Paradise Lost: Officials Say No to First Fairfax Winery

Paradise Springs loses battle

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For Kirk Wiles, there's nothing better than standing amid his two acres of grapevines on a bright, September afternoon.

"Feeling the wind blow and the sun coming down and the quietness, hearing the birds chirp in the trees," he says, "It's about getting away from it all."

A few years ago, Wiles' family inherited this land near Clifton in a sparsely populated area near the Prince William County border.

The 37-acre property is zoned for agriculture and the Wileses planned to open a winery. They'd call it Paradise Springs.

But county officials said a winery is a manufacturing facility, inconsistent with zoning in the area.

Neighbors expressed concern about increased traffic on the narrow road leading to the property. Kirk Wiles says he's racked up $50,000 in legal fees fighting the decision.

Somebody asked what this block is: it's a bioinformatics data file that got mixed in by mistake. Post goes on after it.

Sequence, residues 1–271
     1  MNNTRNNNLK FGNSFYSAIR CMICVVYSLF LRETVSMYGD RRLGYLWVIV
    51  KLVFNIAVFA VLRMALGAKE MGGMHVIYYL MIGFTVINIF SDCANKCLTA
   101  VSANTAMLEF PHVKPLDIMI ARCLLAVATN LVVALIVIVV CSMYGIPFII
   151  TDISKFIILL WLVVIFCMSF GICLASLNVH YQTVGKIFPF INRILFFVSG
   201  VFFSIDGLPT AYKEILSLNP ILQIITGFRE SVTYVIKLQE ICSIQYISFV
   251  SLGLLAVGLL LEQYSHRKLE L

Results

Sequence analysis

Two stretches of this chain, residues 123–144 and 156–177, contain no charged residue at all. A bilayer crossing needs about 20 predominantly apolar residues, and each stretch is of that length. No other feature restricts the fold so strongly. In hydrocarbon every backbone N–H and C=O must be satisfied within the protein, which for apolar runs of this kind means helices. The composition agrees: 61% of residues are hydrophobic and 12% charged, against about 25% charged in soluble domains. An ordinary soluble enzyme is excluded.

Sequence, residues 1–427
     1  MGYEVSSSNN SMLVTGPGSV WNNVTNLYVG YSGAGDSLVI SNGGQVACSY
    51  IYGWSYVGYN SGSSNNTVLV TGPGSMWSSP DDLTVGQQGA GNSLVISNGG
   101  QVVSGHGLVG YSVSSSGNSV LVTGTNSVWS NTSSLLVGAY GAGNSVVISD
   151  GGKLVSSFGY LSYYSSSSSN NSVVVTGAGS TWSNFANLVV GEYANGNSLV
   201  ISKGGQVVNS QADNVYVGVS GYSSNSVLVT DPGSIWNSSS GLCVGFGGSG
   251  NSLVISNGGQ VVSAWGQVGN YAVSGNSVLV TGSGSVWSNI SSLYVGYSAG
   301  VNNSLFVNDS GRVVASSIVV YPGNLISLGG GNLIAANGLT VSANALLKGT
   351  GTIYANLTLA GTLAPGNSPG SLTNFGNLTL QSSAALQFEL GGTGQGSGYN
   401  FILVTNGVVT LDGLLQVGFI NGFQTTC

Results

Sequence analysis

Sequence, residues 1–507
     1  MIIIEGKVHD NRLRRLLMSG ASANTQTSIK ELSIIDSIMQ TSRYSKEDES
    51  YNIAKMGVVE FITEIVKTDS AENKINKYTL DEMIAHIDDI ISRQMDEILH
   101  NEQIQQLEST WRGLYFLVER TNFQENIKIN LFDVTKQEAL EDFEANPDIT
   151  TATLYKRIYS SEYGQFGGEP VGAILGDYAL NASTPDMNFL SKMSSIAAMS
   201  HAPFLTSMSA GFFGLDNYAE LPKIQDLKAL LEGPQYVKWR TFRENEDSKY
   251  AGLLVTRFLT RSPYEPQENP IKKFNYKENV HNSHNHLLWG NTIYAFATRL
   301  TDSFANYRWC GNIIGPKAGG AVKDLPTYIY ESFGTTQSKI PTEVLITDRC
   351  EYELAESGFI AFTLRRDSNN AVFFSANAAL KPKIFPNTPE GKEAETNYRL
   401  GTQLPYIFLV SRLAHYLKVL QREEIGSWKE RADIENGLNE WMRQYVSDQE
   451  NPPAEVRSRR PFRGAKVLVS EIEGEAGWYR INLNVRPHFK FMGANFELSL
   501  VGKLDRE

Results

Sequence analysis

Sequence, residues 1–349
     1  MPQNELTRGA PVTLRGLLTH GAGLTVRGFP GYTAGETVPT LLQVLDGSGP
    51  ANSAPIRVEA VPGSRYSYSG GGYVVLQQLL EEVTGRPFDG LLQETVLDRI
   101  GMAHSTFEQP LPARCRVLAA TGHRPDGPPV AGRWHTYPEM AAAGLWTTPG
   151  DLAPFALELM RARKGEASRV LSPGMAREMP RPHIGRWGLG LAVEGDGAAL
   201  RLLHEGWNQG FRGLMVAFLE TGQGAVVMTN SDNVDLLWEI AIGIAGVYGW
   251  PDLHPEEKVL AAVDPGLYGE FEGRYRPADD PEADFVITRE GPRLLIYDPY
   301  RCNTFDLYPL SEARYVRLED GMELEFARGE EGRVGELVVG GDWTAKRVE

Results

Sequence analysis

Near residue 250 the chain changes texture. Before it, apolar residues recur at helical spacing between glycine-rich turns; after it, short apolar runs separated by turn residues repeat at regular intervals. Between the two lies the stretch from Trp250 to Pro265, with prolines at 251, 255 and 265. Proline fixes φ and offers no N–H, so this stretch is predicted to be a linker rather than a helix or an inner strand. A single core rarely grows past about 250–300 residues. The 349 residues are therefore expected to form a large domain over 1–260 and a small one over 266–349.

"It's consumed my life for the last two plus years," he says, "And it's extremely stressful because it's still in the balance."

Fairfax County Supervisor Pat Herrity, a Republican who represents the Clifton area, says the county should not block Paradise Springs.

"I'm focused on how can we get the winery there and put the appropriate restrictions on it," says Herrity.

For his part, Kirk Wiles says if he doesn't obtain the permit, he'll have to subdivide and sell the property to developers.

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